/lp/american-medical-association/smoking-a-dangerous-habit-for-the-skin-80QLu0hh47
Publisher
American Medical Association
Copyright
Copyright © 2013 American Medical Association. All Rights Reserved.
ISSN
2168-6068
eISSN
2168-6084
DOI
10.1001/jamadermatol.2013.2653
Publisher site
See Article on Publisher Site

Abstract

We are all acutely aware of the causal association of UV radiation exposure and skin cancers, and we warn our patients about the hazards of sun exposure. In the August issue of this journal, Leonardi-Bee et al1 published an important systematic review and meta-analysis on the effects of smoking on the risk of nonmelanoma skin cancer. Their study clearly demonstrated that smoking increases the risk of cutaneous squamous cell carcinoma, although it does not appear to modify the risk of basal cell carcinoma. Verkouteren and Nijsten,2 in commentary published in the same issue, shed light on the practical implications of the findings and explain how they translate into clinical practice. The authors of this comment justifiably urge us to take advantage of this association and “collaborate with smoking cessation programs as an element of good patient care,”2 suggesting that “physicians could make use of the current cancer experience in motivating patients to discontinue smoking, which has many additional important health benefits.”2 I would like to raise another point that I believe will be even more alarming to the smoking public, who, in spite of our efforts to promote our antismoking campaign, appear not to be deterred by the threats of cancer and death. As dermatologists, we are “lucky” to possess what may be even more convincing reasons and motivations for supporting the antismoking campaign. We propose that, for many smokers, particularly the young ones, the evidence that smoking is associated with irreversible aesthetic damage (ie, premature aging and wrinkling of the skin and discoloring of the teeth3) and deleterious effects on male sexual potency4 will be much more compelling than the proof that smoking can cause skin cancer and kill. One glance at the figures of how much is spent on fillers for wrinkles and teeth-whitening procedures is enough to reveal what the public really cares about. As such, we dermatologists are armed with extremely potent ammunition in the war against smoking, and we should use it to the fullest. Articles such as the analysis of Leonardi-Bee et al1 and the comments of Verkouteren and Nijsten2 are a most welcome addition to our armamentarium. Back to top Article Information Correspondence: Dr Wolf, Dermatology Unit, Kaplan Medical Center, 76100 Rechovot, Israel (wolf_r@netvision.net.il). Conflict of Interest Disclosures: None reported. References 1. Leonardi-Bee J, Ellison T, Bath-Hextall F. Smoking and the risk of nonmelanoma skin cancer: systematic review and meta-analysis. Arch Dermatol. 2012;148(8):939-94622711192PubMedGoogle ScholarCrossref 2. Verkouteren JA, Nijsten T. Smoking, a dangerous habit for the skin: comment on “Smoking and the risk of nonmelanoma skin cancer.” Arch Dermatol. 2012;148(8):94622710425PubMedGoogle ScholarCrossref 3. Wolf R. Use and abuse of tobacco, alcohol, and drugs. In: Parish L, Brenner S, Ramos-e-Silva M, eds. Women's Dermatology: From Infancy to Maturity. New York, NY: Pathenon Publishing Group; 2001:491-514 4. Chew KK, Bremner A, Stuckey B, Earle C, Jamrozik K. Is the relationship between cigarette smoking and male erectile dysfunction independent of cardiovascular disease? findings from a population-based cross-sectional study. J Sex Med. 2009;6(1):222-23118761596PubMedGoogle ScholarCrossref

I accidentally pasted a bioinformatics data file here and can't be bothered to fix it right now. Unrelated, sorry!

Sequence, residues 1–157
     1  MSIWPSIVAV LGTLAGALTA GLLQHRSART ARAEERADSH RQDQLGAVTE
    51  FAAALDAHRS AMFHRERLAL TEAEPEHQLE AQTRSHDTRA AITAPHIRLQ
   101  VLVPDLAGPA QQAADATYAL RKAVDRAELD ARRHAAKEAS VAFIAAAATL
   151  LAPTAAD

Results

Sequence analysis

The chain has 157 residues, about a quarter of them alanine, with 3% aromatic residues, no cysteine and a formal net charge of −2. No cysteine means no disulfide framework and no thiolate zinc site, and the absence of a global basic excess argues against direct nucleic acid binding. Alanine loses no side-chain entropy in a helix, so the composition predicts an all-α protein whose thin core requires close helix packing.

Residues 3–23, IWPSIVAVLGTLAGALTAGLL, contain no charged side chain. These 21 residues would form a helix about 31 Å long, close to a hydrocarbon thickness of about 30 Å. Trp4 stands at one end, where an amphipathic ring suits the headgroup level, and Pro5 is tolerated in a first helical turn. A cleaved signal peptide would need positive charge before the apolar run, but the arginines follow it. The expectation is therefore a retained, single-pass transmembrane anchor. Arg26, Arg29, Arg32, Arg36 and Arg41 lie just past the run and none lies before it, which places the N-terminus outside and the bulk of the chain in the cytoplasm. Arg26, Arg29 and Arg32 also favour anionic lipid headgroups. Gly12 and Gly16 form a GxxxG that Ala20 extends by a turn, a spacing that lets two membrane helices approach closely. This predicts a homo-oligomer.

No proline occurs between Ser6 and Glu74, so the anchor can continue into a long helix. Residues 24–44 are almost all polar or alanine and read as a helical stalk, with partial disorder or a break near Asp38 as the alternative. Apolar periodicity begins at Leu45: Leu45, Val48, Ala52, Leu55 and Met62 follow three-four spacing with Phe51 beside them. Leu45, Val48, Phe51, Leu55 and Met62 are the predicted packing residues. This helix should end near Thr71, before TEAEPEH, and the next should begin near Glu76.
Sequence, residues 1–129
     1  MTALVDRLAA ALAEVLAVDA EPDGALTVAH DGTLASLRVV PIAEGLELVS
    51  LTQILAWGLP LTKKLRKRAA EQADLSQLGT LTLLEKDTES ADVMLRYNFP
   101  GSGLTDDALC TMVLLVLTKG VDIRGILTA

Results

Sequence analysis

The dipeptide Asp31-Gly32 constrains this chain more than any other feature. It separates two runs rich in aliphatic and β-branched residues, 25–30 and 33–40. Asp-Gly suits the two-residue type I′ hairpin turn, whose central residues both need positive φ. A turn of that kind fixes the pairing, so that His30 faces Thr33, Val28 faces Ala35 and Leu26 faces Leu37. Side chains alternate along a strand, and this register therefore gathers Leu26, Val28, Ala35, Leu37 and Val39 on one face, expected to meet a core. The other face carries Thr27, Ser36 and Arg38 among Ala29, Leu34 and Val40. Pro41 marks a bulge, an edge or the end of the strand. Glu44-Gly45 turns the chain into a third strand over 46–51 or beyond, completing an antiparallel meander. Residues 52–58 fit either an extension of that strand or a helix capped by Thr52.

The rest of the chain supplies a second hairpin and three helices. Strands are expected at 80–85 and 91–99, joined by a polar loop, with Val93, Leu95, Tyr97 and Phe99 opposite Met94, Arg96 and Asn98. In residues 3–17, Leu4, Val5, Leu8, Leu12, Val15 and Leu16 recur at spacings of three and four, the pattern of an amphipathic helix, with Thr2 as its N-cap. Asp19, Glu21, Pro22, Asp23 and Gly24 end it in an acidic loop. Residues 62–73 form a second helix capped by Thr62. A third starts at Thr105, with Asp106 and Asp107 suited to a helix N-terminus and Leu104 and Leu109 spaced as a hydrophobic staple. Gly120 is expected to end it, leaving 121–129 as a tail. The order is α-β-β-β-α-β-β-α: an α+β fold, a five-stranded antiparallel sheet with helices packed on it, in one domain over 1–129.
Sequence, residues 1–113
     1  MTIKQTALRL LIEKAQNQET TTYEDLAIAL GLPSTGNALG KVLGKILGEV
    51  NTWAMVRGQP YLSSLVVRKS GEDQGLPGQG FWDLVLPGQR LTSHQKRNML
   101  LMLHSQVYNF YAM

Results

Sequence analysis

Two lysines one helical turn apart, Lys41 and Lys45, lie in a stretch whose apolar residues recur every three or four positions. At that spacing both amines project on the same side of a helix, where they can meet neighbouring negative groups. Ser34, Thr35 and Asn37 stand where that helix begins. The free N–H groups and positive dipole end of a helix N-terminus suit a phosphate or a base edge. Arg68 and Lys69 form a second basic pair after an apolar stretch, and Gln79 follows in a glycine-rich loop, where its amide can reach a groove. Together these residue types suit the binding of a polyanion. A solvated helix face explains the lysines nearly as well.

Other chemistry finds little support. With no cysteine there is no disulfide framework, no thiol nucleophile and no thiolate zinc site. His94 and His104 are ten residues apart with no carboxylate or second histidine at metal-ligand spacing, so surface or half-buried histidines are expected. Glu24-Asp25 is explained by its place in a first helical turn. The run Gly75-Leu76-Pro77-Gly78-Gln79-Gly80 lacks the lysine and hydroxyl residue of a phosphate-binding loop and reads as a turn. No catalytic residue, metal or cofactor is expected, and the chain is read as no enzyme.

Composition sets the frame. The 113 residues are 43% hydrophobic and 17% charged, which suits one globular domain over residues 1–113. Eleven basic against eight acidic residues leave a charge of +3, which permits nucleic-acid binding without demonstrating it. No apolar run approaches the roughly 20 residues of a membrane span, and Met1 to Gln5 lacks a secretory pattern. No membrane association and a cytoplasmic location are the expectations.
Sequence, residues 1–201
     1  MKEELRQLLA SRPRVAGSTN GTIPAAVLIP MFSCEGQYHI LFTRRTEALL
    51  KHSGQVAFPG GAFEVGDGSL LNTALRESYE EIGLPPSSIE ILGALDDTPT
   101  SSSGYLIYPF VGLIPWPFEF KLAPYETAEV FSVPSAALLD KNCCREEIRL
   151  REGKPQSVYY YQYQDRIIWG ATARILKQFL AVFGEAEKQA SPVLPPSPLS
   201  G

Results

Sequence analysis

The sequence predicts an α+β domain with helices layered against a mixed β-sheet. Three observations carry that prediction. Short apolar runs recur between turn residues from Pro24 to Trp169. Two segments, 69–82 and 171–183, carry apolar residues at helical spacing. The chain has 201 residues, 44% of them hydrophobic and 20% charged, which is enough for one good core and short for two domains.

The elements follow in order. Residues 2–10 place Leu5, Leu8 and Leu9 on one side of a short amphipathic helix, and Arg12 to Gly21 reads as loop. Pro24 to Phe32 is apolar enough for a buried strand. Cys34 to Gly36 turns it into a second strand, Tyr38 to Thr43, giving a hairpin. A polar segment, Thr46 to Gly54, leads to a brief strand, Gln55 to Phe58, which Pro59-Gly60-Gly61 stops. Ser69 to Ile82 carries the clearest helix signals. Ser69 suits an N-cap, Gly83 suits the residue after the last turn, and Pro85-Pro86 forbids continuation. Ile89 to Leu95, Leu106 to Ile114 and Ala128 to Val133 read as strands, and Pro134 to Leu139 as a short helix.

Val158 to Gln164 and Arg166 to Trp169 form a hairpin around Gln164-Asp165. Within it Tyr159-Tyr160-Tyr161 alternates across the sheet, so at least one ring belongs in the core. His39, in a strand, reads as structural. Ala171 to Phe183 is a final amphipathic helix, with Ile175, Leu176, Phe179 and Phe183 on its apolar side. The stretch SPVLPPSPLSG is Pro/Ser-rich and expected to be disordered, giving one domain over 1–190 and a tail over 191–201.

Journal

JAMA DermatologyAmerican Medical Association

Published: Mar 1, 2013

Keywords: smoking,habits,skin

References